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Signs of Codependence & Codependent Behavior

In the continual quest to find balance in our relationships, we must take time to explore whether we tend toward codependence. Some people may just have a slight preference for co-dependency, while others are fully engulfed in the codependent lifestyle.

Co-dependence is one of those psychological terms that describes a dysfunctional way of behaving in important relationships in one’s life. It is primarily a learned behavior from our family of origin. Some cultures have it to a greater degree than others — some still see it as a normal way of being. Some families might not be able to imagine any other healthy way of being.

Yet the costs of co-dependence can include distrust, faulty expectations, passive-aggressiveness, control, self-neglect, over-focus on others, manipulation, and a slew of other unattractive traits.

Wondering if you might be involved in a co-dependent relationship?

Signs of Co-Dependence

The core symptom of co-dependence is the loss of a sense of oneself. A person who is truly codependent finds that virtually all of their thoughts and behaviors revolve around another person or set of people in their life.

These are some of the common signs of codependent behavior:

  • Taking responsibility for someone else’s actions
  • Worrying or carrying the burden for others’ problems
  • Covering up to protect others from reaping the consequences of their poor choices
  • Doing more than is required at your job or at home to earn approval
  • Feeling obligated to do what others expect without consulting one’s own needs
  • Manipulating others’ responses instead of accepting them at face value
  • Being suspicious of receiving love, not feeling “worthy” of being loved
  • In a relationship based on need, not out of mutual respect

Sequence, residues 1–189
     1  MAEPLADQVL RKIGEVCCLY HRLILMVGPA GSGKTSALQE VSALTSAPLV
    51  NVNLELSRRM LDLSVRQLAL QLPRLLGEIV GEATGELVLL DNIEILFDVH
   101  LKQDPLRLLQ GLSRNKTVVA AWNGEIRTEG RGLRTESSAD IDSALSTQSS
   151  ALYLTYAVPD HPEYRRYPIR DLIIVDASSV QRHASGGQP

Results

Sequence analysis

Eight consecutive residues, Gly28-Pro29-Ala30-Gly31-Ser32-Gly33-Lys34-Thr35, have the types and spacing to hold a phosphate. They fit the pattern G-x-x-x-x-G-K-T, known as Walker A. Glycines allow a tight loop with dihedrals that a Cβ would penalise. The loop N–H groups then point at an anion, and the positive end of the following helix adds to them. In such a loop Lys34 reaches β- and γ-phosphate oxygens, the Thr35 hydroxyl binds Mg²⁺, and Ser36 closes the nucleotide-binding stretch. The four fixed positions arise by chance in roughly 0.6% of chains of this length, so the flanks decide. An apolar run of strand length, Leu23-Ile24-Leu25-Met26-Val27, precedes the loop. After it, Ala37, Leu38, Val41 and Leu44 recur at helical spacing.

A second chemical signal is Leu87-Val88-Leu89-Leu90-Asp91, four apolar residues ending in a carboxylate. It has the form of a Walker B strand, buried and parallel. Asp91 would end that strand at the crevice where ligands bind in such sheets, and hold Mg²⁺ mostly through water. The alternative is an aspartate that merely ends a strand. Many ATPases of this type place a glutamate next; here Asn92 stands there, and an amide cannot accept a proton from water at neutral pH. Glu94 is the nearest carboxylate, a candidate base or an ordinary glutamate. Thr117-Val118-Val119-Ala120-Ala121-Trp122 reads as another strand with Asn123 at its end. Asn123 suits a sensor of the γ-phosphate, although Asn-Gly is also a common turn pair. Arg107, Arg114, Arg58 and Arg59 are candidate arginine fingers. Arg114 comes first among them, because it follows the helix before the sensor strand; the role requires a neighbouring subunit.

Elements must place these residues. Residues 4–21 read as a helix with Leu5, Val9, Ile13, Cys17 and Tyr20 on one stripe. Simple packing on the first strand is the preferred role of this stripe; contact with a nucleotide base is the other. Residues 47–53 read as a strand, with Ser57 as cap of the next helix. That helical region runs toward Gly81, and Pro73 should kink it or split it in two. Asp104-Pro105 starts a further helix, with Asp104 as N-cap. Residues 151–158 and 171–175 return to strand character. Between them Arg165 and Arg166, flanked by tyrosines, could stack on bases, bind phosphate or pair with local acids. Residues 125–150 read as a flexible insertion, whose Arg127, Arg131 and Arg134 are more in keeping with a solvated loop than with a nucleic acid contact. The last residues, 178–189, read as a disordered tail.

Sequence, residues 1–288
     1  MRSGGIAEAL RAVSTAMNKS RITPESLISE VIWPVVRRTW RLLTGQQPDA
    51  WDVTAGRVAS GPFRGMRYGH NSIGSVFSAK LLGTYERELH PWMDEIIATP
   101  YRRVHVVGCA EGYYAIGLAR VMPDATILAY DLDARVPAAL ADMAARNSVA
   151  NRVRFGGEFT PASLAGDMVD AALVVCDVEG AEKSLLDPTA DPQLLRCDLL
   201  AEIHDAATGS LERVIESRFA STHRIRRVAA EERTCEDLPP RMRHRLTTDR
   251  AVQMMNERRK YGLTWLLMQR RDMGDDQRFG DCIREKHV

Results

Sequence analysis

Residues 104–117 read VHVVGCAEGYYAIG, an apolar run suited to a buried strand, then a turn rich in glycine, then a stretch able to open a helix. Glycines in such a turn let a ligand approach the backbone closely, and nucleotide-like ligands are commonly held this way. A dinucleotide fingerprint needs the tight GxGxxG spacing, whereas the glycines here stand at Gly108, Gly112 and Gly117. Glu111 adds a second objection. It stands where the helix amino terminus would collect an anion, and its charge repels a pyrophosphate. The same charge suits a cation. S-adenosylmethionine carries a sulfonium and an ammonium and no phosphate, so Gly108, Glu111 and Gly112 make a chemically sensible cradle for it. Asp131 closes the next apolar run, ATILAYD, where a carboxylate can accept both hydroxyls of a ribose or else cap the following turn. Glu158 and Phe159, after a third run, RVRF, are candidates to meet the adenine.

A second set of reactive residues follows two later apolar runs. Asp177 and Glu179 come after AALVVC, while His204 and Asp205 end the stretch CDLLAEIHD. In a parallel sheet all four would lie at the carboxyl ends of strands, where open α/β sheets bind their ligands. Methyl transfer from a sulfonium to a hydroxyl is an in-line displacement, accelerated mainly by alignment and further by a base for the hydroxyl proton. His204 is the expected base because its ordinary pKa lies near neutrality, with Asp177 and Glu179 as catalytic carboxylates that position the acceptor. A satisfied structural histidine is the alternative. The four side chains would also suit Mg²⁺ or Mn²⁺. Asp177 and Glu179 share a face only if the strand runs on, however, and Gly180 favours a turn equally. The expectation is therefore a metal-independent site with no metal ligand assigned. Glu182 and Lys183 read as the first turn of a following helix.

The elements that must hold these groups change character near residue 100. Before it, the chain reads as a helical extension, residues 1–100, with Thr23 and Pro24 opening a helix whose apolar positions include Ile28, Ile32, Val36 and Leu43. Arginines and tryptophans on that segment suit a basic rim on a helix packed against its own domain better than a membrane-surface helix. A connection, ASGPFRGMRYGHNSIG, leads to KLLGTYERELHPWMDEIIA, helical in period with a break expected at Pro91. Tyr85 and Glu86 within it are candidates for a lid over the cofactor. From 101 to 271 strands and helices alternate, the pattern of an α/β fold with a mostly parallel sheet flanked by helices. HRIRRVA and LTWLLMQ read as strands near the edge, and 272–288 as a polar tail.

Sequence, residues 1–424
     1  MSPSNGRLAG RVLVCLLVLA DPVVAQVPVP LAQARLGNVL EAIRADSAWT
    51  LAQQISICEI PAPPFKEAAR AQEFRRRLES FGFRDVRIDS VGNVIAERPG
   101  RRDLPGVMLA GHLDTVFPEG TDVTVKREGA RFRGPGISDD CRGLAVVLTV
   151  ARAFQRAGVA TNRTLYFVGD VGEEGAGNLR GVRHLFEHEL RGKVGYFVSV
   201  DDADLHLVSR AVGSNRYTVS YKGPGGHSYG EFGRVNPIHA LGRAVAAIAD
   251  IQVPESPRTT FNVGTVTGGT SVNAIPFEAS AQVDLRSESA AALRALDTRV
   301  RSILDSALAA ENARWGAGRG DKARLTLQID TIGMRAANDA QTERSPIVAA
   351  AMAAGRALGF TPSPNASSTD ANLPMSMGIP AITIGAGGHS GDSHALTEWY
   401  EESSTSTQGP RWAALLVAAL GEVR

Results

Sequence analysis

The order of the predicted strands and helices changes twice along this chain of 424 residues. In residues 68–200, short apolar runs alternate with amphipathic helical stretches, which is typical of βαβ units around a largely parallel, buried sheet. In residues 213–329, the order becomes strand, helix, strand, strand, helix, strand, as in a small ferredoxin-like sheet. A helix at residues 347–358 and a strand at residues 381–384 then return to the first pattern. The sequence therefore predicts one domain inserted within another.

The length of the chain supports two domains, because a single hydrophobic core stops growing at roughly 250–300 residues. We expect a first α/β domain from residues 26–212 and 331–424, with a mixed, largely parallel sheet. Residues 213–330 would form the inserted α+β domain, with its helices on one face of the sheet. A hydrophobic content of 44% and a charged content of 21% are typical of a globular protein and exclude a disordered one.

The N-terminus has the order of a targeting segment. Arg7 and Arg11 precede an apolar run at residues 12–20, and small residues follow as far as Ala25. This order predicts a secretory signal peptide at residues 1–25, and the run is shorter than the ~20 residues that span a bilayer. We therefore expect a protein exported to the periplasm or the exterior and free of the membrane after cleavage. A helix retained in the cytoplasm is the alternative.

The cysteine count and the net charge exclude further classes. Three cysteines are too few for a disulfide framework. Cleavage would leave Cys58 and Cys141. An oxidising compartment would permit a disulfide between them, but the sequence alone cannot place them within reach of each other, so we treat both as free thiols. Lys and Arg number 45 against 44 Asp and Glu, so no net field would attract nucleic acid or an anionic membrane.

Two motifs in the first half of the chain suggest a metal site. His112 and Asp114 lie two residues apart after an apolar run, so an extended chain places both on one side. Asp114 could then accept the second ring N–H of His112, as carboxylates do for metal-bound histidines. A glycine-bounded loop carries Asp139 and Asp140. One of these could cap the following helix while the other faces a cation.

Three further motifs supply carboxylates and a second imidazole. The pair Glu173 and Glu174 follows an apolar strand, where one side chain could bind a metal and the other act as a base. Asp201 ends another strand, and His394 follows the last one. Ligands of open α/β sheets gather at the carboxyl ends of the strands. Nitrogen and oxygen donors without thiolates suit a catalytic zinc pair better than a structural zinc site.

• Trying to solve someone else’s problems, or trying to change someone
  • Life being directed by external rather than internal cues (“should do” vs. “want to do”)
  • Enabling someone to take our time or resources without our consent
  • Neglecting our own needs in the process of caring for someone who doesn’t want to care for themselves

Many feel that they will lose who they are if they are not codependent. However, that’s not usually the case. In reality, we become more ourselves when we are less of what others expect from us. To come out of codependence is a huge gift we give to ourselves — the victory of growing away from it will balance out our responsibility to ourselves and to others.

The key to repairing and ending codependency is to start protecting and nurturing ourselves. That might sound like a selfish act, but it will return us to a place of balance. Others will understand that we now respect and are protecting ourselves from over-commitment or abuse. If a person doesn’t understand, they may not be someone who is open to growth in their own relationships.

A person can learn to become less codependent and regain a sense of self and independence in their own lives. It usually takes working with a therapist to effectively do this, however, since the behaviors of co-dependency were learned over many years it takes time and practice to apply healthy behaviors.

Learn more: What is Codependence?

Signs of Codependence & Codependent Behavior

This article has been updated from the original version, which was originally published here on April 4, 2013.


Maria Bogdanos

Maria Bogdanos is an emotional health coach. Her work focuses on the core of what a client is feeling, which always plays a role in their whole person health. Co-active coaching works through a client’s agenda to explore where there are hindrances and to reframe possibilities, which ultimately lead to a domino effect of empowerment in other areas. Contact her at [email protected]


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APA Reference
Bogdanos, M. (2019). Signs of Codependence & Codependent Behavior. Psych Central. Retrieved on August 18, 2019, from https://psychcentral.com/blog/signs-of-codependence-codependent-behavior-2/
Scientifically Reviewed
Last updated: 31 May 2019
Last reviewed: By a member of our scientific advisory board on 31 May 2019
Published on Psych Central.com. All rights reserved.